Law Schools Practicing Grade Inflation

Image via
Can you imagine waking up one morning, logging on to your school account, and realizing that you GPA had jumped 0.333 over night? I’m sure I would celebrate, but also be completely confused. However, if I went to Loyola Marymount Law School in Los Angeles, I would not be surprised at all. In fact, I would have been expecting it.
Since 2008, at least 10 law schools have altered their students’ GPAs by making their grading systems more lenient, according to the New York Times. These are major universities we are talking about also. Some of the schools practicing this grade inflation include New York University, Tulane University, and Georgetown.
Why would they do this?
These schools are inflating students’ grades in the hopes of making them seem more appealing to future employers. But the move is not only for the students’ best interests. Some of the schools hope that by inflating students GPAs, they can also improve their own track records for educating students.
“If somebody is paying $150,000 for a law school degree, you don’t want to call them a loser at the end,” said Stuart Rojstaczer, a former Duke University professor, who is now studying grade inflation. “So you artificially call every student a success.”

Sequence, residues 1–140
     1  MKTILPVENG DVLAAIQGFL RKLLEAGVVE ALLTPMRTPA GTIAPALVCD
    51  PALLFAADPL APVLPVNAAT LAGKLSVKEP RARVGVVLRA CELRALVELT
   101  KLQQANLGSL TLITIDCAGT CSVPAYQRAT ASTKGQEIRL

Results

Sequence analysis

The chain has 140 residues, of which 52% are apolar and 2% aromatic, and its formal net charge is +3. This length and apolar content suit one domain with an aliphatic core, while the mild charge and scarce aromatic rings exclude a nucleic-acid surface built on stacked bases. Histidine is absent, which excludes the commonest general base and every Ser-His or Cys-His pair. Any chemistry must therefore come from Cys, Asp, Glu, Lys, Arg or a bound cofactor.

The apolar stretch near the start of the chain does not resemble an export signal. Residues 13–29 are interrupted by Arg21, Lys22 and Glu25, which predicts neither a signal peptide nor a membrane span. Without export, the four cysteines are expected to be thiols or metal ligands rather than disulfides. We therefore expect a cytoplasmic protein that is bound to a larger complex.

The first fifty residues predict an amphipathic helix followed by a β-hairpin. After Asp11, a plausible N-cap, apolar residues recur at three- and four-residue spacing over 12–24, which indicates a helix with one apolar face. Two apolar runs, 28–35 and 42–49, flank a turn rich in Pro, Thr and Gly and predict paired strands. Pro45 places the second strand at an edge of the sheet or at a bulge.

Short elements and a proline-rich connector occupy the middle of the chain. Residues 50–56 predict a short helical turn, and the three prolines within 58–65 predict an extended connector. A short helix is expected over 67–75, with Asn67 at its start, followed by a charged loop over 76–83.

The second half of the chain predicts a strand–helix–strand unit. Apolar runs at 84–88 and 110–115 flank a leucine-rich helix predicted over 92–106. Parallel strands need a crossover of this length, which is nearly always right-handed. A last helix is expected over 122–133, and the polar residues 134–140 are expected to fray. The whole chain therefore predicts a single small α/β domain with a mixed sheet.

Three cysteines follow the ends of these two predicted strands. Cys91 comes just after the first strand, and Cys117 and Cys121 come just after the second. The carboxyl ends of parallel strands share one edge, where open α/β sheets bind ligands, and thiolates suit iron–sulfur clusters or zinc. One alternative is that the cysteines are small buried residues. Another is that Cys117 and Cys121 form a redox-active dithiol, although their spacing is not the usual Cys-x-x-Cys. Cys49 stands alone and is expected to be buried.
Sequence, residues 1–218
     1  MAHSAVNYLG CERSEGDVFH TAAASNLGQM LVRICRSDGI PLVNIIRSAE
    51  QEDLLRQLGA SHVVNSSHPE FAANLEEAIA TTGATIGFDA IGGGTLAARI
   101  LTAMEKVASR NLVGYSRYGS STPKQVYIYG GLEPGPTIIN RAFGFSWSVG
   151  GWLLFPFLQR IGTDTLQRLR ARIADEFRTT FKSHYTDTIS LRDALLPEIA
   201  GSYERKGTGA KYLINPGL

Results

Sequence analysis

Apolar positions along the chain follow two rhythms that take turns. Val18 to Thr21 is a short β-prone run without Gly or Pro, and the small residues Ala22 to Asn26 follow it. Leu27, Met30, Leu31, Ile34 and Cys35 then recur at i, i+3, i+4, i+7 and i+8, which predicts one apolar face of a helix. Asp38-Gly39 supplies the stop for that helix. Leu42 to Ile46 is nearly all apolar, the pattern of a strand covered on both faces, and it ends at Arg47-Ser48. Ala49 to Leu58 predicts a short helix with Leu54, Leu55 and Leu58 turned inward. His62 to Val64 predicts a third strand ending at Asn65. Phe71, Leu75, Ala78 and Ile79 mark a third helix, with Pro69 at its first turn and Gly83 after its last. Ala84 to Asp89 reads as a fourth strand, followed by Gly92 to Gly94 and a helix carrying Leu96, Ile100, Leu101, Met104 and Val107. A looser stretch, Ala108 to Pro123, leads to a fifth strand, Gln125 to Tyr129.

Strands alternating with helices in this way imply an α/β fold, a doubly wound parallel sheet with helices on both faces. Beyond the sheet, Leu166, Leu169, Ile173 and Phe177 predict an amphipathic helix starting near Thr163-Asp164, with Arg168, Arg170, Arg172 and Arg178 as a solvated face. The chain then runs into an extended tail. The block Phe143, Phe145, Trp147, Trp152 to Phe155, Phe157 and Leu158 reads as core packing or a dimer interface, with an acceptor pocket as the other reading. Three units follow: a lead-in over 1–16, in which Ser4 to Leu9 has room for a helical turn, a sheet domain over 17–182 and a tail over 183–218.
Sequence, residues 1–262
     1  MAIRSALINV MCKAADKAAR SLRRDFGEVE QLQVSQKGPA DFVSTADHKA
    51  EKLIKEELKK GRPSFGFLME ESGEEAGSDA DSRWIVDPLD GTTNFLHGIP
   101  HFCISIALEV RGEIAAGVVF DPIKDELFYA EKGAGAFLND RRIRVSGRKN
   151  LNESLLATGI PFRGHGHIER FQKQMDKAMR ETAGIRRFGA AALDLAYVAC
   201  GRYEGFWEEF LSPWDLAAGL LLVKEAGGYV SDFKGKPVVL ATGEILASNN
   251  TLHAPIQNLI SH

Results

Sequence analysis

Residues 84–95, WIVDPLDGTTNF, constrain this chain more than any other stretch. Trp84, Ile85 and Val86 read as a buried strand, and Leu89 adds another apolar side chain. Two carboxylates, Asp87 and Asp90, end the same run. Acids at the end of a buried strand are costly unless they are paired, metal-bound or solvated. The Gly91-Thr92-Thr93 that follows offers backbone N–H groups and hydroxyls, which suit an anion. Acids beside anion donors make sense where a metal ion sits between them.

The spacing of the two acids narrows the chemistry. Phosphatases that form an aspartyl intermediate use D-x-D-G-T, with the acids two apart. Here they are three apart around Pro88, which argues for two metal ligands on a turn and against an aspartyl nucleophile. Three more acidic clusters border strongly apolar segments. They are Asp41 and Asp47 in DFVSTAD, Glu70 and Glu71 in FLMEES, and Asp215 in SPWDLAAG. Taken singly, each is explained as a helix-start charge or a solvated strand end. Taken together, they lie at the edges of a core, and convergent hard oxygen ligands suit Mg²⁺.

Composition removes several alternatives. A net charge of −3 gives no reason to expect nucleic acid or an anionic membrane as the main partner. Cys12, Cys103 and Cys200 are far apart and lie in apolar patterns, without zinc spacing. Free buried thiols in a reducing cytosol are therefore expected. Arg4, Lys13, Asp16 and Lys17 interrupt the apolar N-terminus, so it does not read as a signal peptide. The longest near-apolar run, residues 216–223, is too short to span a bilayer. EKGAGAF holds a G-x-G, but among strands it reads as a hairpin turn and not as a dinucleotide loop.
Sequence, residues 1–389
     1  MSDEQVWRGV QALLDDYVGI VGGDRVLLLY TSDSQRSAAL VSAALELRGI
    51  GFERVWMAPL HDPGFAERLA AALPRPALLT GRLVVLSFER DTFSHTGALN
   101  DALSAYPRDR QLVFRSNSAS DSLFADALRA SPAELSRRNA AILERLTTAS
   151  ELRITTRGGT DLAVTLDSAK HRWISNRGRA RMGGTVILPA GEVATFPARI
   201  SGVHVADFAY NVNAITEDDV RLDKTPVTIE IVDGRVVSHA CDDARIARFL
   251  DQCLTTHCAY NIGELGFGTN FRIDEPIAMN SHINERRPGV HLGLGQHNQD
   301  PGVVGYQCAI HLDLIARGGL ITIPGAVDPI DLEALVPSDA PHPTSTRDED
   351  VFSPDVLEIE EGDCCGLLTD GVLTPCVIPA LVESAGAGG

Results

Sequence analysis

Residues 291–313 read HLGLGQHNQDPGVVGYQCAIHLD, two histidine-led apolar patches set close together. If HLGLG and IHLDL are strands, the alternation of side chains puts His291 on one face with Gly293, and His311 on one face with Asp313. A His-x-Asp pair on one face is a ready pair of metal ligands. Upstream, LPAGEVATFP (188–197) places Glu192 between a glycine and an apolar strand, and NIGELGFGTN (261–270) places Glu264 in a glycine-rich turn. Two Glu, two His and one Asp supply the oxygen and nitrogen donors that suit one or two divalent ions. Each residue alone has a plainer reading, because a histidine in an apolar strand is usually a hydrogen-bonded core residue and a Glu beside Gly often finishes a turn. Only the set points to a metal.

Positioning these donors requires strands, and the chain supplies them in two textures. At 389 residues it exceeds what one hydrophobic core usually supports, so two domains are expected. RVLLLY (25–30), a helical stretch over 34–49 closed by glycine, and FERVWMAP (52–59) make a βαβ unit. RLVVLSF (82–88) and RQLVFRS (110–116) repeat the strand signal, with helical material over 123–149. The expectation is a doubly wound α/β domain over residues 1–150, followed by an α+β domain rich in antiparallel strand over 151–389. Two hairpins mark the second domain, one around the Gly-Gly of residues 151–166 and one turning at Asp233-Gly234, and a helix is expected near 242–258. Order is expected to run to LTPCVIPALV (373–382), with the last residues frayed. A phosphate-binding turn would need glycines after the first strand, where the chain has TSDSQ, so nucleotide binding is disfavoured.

What do students think about their new, fake grades?
“For people like me who have good grades but are not in the super-elite, there are not as many options for getting a job in advance,” said Zachary Burd, a recent graduate from Southern Methodist University.
What is a good grade for a law school student?
The first year average at Loyola was 2.667. However, at other schools in California, the first year average is typically a 3.0 or higher.
“That puts our students at an unfair disadvantage, especially if you factor in the current economic environment,” said Samuel Liu, president of the school’s Student Bar Association. Liu is also leading the efforts to make grading changes. “We just wanted to match what other schools that are comparably ranked were already doing.”
Although I see where Liu is coming from, it does not make complete sense to me. Of course the average law student is going to be taking harder classes, and therefore, might have a lower GPA than students who are studying such a difficult subject. However, I do not thinking altering students’ GPAs is the way to handle this.
I think it might be better if there was an uniform grading system across all law schools. This would allow students to be able to compare themselves evenly with their peers, and also allow future employers to see how students stack up.
But hey, that’s just my opinion. What’s yours?